In addition, "if it becomes evident that the plaintiff has failed to state or otherwise to establish a claim, then the defendant[s] [are] entitled to dismissal on that basis." Wells v. Bonner, 45 F.3d 90, 93 (5th Cir. 1995)(citing Siegert v. Gilley, 500 U.S. 226, 231-33 (1991)).

III. Discussion

Having considered Defendants' filings, Plaintiff's omnibus hearing testimony, and the Complaint, the Court finds that summary judgment should be granted in favor of Defendants.

A. Claims Against Defendant Jones

Plaintiff alleges that Jones violated his constitutional Due Process rights during the administrative hearing related to RVR #17890. He alleges that he asked for, but was not allowed, witnesses at the administrative hearing on the RVR. Plaintiff also alleges that the resulting administrative segregation and reclassification violated his rights when he lost privileges such as the ability to earn good time, the ability to work, and the ability to transfer to another facility.

The Court first turns to the Due Process claims related to the administrative hearing. "To invoke the protections of the Due Process Clause, Plaintiff must have a protected liberty interest at stake." Williams v. King, 2012 WL 5207550 (S.D.Miss. Oct. 22, 2012)(Civil Action No. 2:12cv78-KS-MTP). Pursuant to Sandin v. Conner, liberty interests protected by the Due Process Clause "will be generally limited to freedom from restraint which... imposes atypical and significant hardship on the inmate in relation to the ordinary incidents of prison life." Sandin, 515 U.S. 472, 483-484 (1995). Moreover, the Fifth Circuit's case law is clear "that a prison official's failure to follow the prison's own policies, procedures, or regulations does not constitute a violation of due process, if constitutional minima are nevertheless met." Myers v. Klevenhagen, 97 F.3d 91, 94 (5th Cir. 1996).

Plaintiff was given a hearing on the RVR, but he is displeased with the results. As Defendants point out, Thompson had the opportunity to list witnesses to testify on his behalf, but he signed the RVR without listing any. [24-1] at 3. In his filings, he admits that he testified during the hearing. [9] at 1-2. Plaintiff's allegation that Defendant Jones failed to identify him and that he was denied an opportunity to call witnesses at his administrative hearing simply do not rise to the level of a constitutional violation. See Smith v. Anderson, 2013 WL 1182995, (S.D.Miss. Feb. 13, 2013), adopted, Smith v. Anderson, 2013 WL 1182984 (S.D.Miss. Mar. 21, 2013). Just as in Smith, "Plaintiff's claims that Defendants violated several MDOC policies and procedures during the disciplinary hearing and the ARP process do not violate the Constitution." 2013 WL 1182995 at *4.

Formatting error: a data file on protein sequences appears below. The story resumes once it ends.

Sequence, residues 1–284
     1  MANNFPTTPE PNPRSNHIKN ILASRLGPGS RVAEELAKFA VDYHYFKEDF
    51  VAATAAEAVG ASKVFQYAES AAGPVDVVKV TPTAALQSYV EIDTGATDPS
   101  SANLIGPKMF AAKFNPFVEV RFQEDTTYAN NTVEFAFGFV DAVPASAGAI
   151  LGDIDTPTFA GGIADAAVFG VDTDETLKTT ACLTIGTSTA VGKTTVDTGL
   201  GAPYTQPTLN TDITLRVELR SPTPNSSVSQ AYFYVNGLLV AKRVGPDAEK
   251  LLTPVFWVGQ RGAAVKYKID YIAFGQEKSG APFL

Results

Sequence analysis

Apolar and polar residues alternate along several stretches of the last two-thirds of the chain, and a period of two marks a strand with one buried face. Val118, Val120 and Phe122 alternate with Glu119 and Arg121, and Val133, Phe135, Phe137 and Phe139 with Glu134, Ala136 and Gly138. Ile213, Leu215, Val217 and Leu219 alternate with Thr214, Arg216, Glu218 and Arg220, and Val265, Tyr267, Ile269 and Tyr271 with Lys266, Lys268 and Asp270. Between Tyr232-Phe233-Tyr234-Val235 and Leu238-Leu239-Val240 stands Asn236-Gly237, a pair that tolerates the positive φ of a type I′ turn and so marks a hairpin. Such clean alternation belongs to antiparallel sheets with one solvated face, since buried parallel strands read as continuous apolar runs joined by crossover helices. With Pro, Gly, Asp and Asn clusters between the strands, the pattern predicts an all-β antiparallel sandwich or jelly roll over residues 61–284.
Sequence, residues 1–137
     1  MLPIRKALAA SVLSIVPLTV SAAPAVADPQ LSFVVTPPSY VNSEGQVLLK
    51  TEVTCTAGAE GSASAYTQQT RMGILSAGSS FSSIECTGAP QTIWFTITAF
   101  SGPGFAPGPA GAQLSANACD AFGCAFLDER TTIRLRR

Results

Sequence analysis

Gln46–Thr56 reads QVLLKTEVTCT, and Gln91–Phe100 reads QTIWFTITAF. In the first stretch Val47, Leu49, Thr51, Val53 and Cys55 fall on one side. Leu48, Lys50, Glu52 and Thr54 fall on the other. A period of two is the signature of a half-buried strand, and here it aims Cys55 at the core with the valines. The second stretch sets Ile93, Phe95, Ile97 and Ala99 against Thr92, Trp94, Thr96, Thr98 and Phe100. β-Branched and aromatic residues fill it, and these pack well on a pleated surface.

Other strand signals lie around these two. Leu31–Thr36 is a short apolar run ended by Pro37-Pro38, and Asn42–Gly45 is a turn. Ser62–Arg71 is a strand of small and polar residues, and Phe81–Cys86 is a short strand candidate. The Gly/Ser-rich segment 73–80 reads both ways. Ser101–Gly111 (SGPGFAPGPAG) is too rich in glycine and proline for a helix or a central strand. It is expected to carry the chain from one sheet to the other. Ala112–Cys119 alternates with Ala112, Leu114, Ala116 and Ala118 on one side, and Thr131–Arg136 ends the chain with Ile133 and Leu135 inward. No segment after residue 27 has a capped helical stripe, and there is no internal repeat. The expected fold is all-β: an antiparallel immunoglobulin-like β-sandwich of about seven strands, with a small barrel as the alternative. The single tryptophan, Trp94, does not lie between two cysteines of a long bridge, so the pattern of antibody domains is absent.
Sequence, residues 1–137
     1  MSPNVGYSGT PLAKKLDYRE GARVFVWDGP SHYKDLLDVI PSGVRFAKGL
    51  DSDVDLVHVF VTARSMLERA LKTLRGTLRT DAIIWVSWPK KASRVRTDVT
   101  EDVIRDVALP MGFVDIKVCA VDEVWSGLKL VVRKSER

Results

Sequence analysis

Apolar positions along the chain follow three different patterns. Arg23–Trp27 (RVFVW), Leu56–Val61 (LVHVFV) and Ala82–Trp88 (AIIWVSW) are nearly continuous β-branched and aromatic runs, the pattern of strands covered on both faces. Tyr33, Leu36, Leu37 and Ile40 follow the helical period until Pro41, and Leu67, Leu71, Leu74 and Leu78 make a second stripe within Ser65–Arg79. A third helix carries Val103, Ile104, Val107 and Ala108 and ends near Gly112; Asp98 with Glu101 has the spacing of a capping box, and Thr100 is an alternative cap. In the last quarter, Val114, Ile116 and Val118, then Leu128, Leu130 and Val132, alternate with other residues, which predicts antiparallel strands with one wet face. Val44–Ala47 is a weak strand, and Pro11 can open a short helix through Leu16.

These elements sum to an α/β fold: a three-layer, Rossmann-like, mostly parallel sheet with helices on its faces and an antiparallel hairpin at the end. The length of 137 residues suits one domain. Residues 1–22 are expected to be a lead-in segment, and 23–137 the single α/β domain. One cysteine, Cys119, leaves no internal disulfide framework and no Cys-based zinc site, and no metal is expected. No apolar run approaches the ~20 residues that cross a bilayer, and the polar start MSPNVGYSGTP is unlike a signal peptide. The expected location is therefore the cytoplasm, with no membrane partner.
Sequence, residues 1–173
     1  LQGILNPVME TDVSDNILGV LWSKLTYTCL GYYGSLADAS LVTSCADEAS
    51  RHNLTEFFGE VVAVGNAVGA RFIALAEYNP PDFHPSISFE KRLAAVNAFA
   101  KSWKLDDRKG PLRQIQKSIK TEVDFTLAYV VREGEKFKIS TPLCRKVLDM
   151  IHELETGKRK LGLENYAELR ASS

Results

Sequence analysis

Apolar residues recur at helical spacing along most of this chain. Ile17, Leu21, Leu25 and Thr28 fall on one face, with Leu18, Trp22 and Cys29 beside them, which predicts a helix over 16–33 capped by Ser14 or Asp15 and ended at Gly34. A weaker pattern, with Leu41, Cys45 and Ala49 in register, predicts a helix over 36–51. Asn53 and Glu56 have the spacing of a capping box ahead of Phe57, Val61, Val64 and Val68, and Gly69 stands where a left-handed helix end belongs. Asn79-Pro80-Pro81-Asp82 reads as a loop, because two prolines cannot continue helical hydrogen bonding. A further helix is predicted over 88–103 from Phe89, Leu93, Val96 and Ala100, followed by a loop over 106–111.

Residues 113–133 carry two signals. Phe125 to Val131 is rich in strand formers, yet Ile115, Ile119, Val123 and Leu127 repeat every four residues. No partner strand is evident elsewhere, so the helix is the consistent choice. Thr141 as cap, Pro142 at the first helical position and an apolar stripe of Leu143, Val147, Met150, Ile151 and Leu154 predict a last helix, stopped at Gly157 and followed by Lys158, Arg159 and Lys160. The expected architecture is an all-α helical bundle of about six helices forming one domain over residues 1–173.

Plaintiff's claims related to being housed in administrative segregation resulting from the RVR also fail to rise to the level of a constitutional violation. In Pichardo v. Kinker, 73 F.3d 612, 612-13 (5th Cir. 1996), the Fifth Circuit held that "absent extraordinary circumstances, administrative segregation as such, being an incident to the ordinary life of a prisoner, will never be a ground for a constitutional claim" because it "simply does not constitute a deprivation of a constitutionally cognizable liberty interest." A prisoner § 1983 suit making such a due process claim is frivolous under 28 U.S.C. § 1915A. Martin v. Scott, 156 F.3d 578, 580 (5th Cir. 1998).

Furthermore, Plaintiff's claims regarding his reclassification and the resulting loss in privileges do not rise to the level of a constitutional violation. "Under Wilson v. Budney, 976 F.2d 957 (5th Cir. 1992), a prison inmate does not have a protectable liberty or property interest in his custodial classification and an inmate's disagreement with a classification is insufficient to establish a constitutional violation." Neals v. Norwood, 59 F.3d 530, 533 (5th Cir. 1995). Because the plaintiff relies on a "legally nonexistent interest, any alleged due process or other constitutional violation arising from his classification is indisputably meritless." Harper v. Showers, 174 F.3d 716, 719 (5th Cir. 1999) (a Mississippi case).